Retiring Guard members deserve better treatment
AN ISSUE that has caught my attention and possibly the attention of quite a few people is that the National Guard is being called upon to serve more tours in Iraq. It is ridiculous that the National Guard, created to protect the home front, is being asked to serve again in an area outside of its responsibility. That tells the public that the U.S. active duty military is inadequate as far as manning and how it is being utilized.
Many people have voiced their concerns about bringing the troops home. I applaud that notion. I am sure that though the Hawaii National Guard is "safe" for at least three or four years before being considered for call-up again, the other states might not fare as well.
But the issue I am most concerned about most is the military compensation retirement pay for those who serve in the National Guard and Reserve. Do you realize that anyone who serves in the National Guard or Reserve cannot receive retirement pay from the military until age 60? These individuals are called upon to do the same things and are put in the same positions -- in harm's way -- as the active duty soldier. Yet the active duty soldier who does 20 years of service can collect immediately, the very next month after retirement. When time has passed, it is gone -- and 20 years is 20 years; whether you spent it part-time or full-time.
Further, the part-time soldier gets prorated retirement pay, not the full amount the active duty soldier receives. He should be able to draw compensation no matter what, but the part-time soldier is again penalized because of his status. Regardless of how many years spent in the military service during that 20 years, if he served, he should be compensated accordingly and not penalized by having to wait for compensation, especially when in today's military the part-time soldier is being called to give his life or move into harm's way, just like the active duty soldier is.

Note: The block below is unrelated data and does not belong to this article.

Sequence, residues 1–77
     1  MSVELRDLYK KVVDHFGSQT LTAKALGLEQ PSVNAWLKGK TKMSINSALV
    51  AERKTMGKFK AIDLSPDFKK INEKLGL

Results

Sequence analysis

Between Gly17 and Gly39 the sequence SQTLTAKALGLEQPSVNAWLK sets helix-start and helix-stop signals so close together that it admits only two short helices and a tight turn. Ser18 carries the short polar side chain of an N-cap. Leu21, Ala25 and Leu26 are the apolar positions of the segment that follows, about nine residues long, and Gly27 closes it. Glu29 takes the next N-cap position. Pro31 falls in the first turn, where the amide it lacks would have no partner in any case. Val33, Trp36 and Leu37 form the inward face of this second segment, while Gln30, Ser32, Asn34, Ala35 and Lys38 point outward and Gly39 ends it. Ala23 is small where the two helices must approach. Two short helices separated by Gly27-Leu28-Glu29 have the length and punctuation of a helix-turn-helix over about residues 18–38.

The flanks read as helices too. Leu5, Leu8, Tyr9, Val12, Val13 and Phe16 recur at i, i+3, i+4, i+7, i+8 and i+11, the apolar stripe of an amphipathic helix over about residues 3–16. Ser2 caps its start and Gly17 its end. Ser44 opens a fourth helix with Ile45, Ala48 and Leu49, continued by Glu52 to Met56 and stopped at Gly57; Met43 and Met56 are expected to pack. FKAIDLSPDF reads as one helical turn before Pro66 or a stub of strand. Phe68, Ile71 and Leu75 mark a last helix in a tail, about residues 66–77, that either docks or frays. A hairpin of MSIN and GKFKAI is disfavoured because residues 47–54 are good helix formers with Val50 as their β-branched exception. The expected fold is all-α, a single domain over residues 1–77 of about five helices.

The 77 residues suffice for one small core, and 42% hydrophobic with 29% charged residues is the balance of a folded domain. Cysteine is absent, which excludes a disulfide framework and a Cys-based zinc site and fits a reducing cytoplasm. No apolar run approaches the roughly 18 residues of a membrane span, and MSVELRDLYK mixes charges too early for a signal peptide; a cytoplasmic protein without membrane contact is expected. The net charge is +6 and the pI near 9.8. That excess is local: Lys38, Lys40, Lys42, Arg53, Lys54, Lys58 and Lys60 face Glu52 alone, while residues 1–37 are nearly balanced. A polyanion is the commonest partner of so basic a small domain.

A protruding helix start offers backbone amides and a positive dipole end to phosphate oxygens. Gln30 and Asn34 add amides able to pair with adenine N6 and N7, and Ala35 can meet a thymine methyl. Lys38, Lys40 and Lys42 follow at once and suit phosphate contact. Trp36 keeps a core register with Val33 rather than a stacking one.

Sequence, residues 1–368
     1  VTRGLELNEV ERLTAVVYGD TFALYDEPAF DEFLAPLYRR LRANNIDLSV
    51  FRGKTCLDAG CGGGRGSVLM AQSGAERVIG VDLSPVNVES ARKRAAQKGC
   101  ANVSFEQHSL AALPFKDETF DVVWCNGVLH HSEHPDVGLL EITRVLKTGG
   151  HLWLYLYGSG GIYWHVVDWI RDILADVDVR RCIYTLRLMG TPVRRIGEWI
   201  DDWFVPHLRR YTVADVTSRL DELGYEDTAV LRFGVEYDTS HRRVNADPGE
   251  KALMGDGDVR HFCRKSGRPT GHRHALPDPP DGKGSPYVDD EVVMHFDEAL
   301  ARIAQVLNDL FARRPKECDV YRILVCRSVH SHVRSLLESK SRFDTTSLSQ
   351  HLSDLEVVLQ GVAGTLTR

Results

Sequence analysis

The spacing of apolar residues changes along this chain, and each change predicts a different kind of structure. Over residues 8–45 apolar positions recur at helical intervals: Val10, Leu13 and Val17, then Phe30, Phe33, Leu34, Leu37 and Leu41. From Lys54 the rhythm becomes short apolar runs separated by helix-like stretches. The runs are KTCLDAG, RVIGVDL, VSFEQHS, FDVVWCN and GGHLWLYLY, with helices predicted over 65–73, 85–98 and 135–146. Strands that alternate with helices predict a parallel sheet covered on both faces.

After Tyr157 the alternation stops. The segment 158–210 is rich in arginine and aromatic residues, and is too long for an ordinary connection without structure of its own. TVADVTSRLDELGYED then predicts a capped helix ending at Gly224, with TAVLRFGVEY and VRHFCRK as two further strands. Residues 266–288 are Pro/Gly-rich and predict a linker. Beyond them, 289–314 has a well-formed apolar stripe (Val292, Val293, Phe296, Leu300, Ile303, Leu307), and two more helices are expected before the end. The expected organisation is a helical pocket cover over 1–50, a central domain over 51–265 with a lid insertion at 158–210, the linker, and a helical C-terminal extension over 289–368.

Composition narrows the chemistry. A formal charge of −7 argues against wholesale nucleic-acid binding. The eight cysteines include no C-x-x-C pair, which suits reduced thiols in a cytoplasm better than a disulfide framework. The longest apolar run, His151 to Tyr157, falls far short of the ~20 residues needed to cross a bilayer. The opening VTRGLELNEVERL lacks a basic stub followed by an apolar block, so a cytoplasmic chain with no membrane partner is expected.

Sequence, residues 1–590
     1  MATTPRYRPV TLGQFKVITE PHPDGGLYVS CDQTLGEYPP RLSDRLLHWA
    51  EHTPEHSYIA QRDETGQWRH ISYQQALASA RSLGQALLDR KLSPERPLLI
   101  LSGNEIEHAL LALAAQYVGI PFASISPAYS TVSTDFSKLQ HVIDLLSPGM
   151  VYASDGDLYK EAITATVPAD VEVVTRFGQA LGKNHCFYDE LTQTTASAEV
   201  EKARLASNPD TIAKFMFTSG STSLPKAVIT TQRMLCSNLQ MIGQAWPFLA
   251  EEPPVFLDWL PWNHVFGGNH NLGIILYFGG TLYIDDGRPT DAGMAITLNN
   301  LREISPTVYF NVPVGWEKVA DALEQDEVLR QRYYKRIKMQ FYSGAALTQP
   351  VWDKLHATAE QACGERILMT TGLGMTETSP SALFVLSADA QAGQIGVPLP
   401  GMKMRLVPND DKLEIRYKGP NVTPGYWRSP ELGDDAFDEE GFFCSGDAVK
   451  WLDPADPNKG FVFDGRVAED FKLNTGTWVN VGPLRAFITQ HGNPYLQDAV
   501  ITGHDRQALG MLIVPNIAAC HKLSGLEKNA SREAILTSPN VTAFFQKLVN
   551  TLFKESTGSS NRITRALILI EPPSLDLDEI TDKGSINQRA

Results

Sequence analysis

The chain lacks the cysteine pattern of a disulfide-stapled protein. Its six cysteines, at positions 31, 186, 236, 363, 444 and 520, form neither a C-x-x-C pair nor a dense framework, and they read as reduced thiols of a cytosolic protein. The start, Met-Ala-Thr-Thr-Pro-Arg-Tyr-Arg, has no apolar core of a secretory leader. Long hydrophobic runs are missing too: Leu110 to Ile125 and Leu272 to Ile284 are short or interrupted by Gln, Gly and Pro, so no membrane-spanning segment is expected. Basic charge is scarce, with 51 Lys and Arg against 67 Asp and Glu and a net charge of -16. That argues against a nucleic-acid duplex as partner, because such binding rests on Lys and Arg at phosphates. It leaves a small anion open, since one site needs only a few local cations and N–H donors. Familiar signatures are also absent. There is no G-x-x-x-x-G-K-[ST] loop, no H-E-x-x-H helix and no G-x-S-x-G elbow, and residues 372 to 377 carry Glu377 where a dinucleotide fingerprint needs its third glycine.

THIS IS UNJUST and needs to be corrected. Legislation has be proposed suggesting that the age of compensation be lowered to 55 years of age. This is a step but it is not enough. The thing that bothers me is that our government has given the consent to order, without consideration, these brave individuals into harm's way, and most will go without question because it's their duty, and then they are treated as second-class citizens when it comes to being compensated for their loyalty, honor, dedication, bravery and sacrifice for their country; even if they have served the qualifying amount of years to receive military compensation, they are told they have to wait until age 60 to even see any compensation.
If you agree, please make compensation a right and just cause for the part-time soldiers who are doing all they can to maintain their place in society, their state and their country. Do not make them wait to get compensated for their sacrifices.
Russell Nakahara, a retired member of the National Guard, lives in Honolulu.